NDOT Management Havoc Hits The Open Road
The 2008 running of the Nevada Open Road Challenge did not go as smoothly as most people would have hoped ... for an open road rally event held in two locations, that has been staged by the same event organizers (sometimes as many times as three times a year) for 21 years.
The problem with this last weekend’s event wasn’t so much a problem that a Dodge Viper managed to leave the open road and flip over about half way through its run, NO, the problem was mainly that the Nevada Department of Transportation decided that they would take control of the event from the event organizers and sponsors that had overseen the management of this open road rally event since its inception back in 1988.
Image Credit: Silver State Classic Challenge, Inc., a non-profit corporation
The Nevada Open Road Challenge in May and the Silver State Classic Challenge held in September, is a car rally event held on a 90 mile stretch of a little traveled open road from North near Lund to South near Hiko on Nevada Highway 318.
In previous years, the rally organizers would work with individual police and highway agencies and the state of Nevada so that the roads along the rally route would be properly shut down and signed and patrolled for the safety of the racers and other people in the area. For twenty years, everything went off without a hitch.
This year’s event, however, had problems due to the lack of communication and understanding by the Nevada Department of Transportation which over-reached and assumed responsibility for the management of the rally. The hope is to have an error free event.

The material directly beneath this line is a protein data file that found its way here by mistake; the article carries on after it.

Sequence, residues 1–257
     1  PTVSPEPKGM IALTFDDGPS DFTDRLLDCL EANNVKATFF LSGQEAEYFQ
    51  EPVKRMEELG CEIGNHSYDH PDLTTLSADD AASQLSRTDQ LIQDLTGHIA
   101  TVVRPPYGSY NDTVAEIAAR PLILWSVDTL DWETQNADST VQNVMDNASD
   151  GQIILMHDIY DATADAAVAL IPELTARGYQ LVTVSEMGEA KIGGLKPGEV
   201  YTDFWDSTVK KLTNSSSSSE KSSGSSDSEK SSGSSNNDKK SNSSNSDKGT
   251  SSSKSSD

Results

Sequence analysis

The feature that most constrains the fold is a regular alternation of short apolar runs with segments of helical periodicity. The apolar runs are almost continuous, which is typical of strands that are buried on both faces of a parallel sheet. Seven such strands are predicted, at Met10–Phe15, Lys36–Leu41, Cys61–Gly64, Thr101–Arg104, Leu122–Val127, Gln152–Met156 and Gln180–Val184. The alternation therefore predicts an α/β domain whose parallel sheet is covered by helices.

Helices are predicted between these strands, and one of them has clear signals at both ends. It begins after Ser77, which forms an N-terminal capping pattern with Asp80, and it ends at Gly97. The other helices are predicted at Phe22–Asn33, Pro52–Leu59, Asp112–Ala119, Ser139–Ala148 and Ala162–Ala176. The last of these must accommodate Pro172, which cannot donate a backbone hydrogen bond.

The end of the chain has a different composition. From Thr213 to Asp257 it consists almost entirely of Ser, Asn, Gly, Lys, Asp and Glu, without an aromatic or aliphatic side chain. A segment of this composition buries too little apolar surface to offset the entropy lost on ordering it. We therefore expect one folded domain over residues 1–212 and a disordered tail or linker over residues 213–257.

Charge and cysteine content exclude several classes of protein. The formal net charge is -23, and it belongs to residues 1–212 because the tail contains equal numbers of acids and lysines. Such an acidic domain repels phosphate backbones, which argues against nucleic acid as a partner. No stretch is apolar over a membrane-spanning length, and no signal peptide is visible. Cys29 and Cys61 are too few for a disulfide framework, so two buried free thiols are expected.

A K&N Engineering, Inc. logoed Dodge Viper from last September’s 2007 Silver State Classic Challenge. Image Credit: Ely Times
This hope turned out to be wishful thinking … and the problems began early after a fifty-six minute delay created by the NDOT. It was soon followed by a flip-over crash of the Dodge Viper driven by Jerry Moll, of K&N Engineering, Inc., a sponsor of the event. Only nineteen cars of the 143 cars wanting to rally on the open road were able to start before the NDOT took assumptive control of the race course and the time management of the rally.
Preston, Nevada - South of Lund along Highway 318 sports a rodeo grounds, hotel, restrurant, and truck stop. Image Ctedit: Edmund Jenks (2008)
This edited & excerpted from the Ely Times -
Race promoters accuse NDOT of unnecessary cancellation
By JOHN PLESTINA - Ely Times Reporter - Published on Wednesday, May 21, 2008
Backers of the Nevada Open Road Challenge are blaming the Nevada Department of Transportation for more than five hours of race delays Sunday and the cancellation of parts of the 21st running of the race, resulting in 41 drivers never leaving the starting line.
Several drivers said they spent thousands of dollars bringing cars and crews to Ely from other parts of the United States and one crew and car that did not race came from Europe to compete in the Silver State Classic Challenge-sanctioned speed event that runs about 90 miles along Nevada 318 from a starting line south of Lund to Hiko.
The SSCC and others are saying that NDOT officials made decisions about delaying the race after a crash and the continuation of the race was in jeopardy. NDOT's role was to close the highway and keep it closed until the race was completed.
The view standing on the eastside of Highway 318 looking South from Preston, Nevada toward Lund. Highway 318 tracks along the westside of the Eagan Mountain Range at the northern end of the rally course down to the Pahroc Mountain Range near Hiko. Image Credit: Edmund Jenks (2008)
“I got there yesterday afternoon and I was pretty shocked at what a fiasco it was,” Ed Spear, White Pine County Tourism Director, said Monday.
“It appears from what I have seen that NDOT made the errors.” Spear said.
Those errors included a failure by NDOT to post signs in the Alamo area alerting motorists of the Highway 318 road closure. That caused a 56-minute delay in starting the race. He also chided NDOT for mistakes that led to a four and a half hour delay following a crash and not allowing the race to be completed.
Spear said NDOT's mistakes in handling the event delayed portions of the race, and reflected badly on Ely and White Pine County. Those mistakes have a negative impact on tourism in White Pine, Lincoln and Nye counties and the state.